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Is Apple now a devices and services company?

May 2, 2017

By Jeff Johnson, Developer of Underpass

Hi, I'm Jeff, your local neighborhood unpaid Apple analyst. Three months and one quarter ago I wrote A Record 14 Weeks, which showed that Apple's fiscal 2017 first quarter was not a return to growth, as widely and misleadingly reported by the media, but just another down quarter after the results are adjusted for the extra week in the once-in-a-blue-moon 14-week quarter. I also wrote two follow-up posts: Slow Week? and Follow-up on a Record 14 Weeks. Disappointingly, and despite the popularity achieved by my posts when they were written, the media are still to this day reporting 2017 Q1 as a growth quarter, completely ignoring the existence of the extra week. I did my best, but memories are short.

If your memory does happen to be long, you might recall that back in 2010, Steve Jobs called Apple a "mobile devices company". A few years later, Steve Ballmer called Microsoft a "devices and services company". Ballmer's replacement, Satya Nadella, has since dumped that phrase and rebranded Microsoft with a different mission statement, along the lines of "something something productivity". The question now, however, is whether Apple is still a mobile devices company, or has Apple become the new Microsoft? Perhaps more accurately, has Apple become the old Microsoft, a devices and services company?

Today Apple published its fiscal 2017 second quarter financial results. FY 2017 Q2 was back to the standard 13-week length, so we don't need to adjust the results to compare them with the previous year. What I'm interested in with this post is Apple's overall pattern of growth. Therefore, I'm going to put the current results in context alongside previous quarters, including 2017 Q1 and all of FY 2016. In the tables below, each value is a year-over-year comparison, with positive percentages representing growth, negative percentages representing contraction, and zero representing no change. For example, the numbers for FY 2017 Q2 represent growth or contraction when compared to the same quarter in the previous year, i.e., FY 2016 Q2. These percentages are all taken from Apple's published quarterly results, except FY 2017 Q1, which are based on the published quarterly results but adjusted by 13/14, exactly as I did in my original blog post on the subject.

Revenue 2017 Q2 2017 Q1 2016 Q4 2016 Q3 2016 Q2 2016 Q1
Overall +5 -4 -9 -15 -13 +2
Services +18 +10 +24 +19 +20 +26
iPhone +1 -2 -13 -23 -18 +1
iPad -12 -28 0 -7 -19 -21
Mac +14 0 -17 -13 -9 -3

Units 2017 Q2 2017 Q1 2016 Q4 2016 Q3 2016 Q2 2016 Q1
iPhone -1 -3 -5 -15 -16 0
iPad -13 -25 -6 -9 -19 -25
Mac +4 -6 -14 -11 -12 -4

It's worth extending the table for Services and iPad, because those categories have shown consistencies going back to at least 2014 Q2:

2015 Q4 2015 Q3 2015 Q2 2015 Q1 2014 Q4 2014 Q3 2014 Q2
Services Revenue +10 +12 +9 +9 +8 +12 +11
iPad Revenue -20 -23 -29 -22 -14 -8 -13
iPad Units -20 -18 -23 -18 -13 -9 -16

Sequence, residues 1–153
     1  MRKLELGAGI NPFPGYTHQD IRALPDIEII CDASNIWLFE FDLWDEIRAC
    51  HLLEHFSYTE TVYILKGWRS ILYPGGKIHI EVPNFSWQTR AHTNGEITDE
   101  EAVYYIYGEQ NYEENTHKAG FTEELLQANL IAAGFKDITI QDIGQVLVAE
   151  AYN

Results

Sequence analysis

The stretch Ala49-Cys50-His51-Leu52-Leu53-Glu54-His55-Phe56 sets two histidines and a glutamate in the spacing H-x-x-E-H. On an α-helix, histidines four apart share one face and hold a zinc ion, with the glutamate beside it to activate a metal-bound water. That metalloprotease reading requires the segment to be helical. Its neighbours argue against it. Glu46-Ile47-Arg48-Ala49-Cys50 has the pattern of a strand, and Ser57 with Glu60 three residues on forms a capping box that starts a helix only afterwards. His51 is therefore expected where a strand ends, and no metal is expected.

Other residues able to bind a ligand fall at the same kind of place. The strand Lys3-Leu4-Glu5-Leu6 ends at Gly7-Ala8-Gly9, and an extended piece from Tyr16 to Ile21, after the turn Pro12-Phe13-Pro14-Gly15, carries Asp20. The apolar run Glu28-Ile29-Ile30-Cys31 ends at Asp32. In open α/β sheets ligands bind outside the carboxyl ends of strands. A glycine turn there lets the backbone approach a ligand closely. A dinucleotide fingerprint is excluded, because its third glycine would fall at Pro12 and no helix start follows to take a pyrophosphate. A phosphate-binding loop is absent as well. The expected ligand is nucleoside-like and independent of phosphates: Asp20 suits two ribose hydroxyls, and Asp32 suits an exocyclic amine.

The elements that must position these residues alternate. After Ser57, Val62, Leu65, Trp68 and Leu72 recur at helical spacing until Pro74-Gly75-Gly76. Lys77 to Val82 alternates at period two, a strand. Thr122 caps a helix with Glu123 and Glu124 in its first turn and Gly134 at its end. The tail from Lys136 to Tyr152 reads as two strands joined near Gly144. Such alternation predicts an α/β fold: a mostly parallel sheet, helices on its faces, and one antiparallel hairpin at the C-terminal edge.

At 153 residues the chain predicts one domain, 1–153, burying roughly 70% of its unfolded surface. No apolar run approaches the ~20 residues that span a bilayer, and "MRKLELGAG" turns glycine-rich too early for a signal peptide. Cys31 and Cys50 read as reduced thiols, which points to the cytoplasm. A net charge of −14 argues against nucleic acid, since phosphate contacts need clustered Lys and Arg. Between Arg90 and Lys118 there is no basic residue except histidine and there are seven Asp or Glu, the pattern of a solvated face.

Look at the unit sales. There are almost no positives. Indeed, there is only one positive number in the whole units table: Mac units in 2017 Q2. But one quarter of growth can't make up for the losses in previous quarters. Overall, Apple is selling less hardware now than in 2015, at least in terms of the "big three", the "tripod" of iPhone, iPad, and Mac.

Meanwhile, services are experiencing incredible, uninterrupted growth. The trajectory is higher and higher. In 2017 Q2, services revenue was significantly higher than either Mac or iPad. It's still far behind iPhone of course, but it's becoming the second most important revenue source for Apple. The tripod is now a table with four legs.

As for the future, the question is, does the hardware have any room for growth, or has Apple reached market saturation? It's clear that the iPad reached market saturation some time ago. And perhaps the iPhone finally has too. 6 straight quarters of no unit sales growth. Some analysts have claimed that the next iPhone update will be a kind of "super-cycle", because a large number of iPhone owners have gone a couple of years without upgrading. But it does appear that since cellular contracts have disappeared, and iPhones are no longer subsidized by the carriers, the iPhone upgrade cycle is getting longer. So it remains to be seen how many current iPhone owners will upgrade to the iPhone 8, or iPhone 7S, or whatever they end up calling it. And even proponents of the super-cycle theory haven't suggested that Apple will attract large numbers of new customers, for example, Android switchers. Even after Samsung's recent troubles, it doesn't appear that large number of customers are switching.

Thus, with iPad continuing its freefall, iPhone stagnating, and the Mac questionable — there are promised iMac updates sometime later this year and a Mac Pro update in some future unspecified year, while the Mac Mini "remains a product" — the only category of the 4 with significant room for growth is services.

Appendix

Q2 is typically the slowest quarter of the year for Macs, so the 4% unit sales growth in 2017 Q2 represents only 165,000 more Macs than 2016 Q2. Even with this growth, Apple still sold 364,000 fewer Macs in 2017 Q2 than 2015 Q2.

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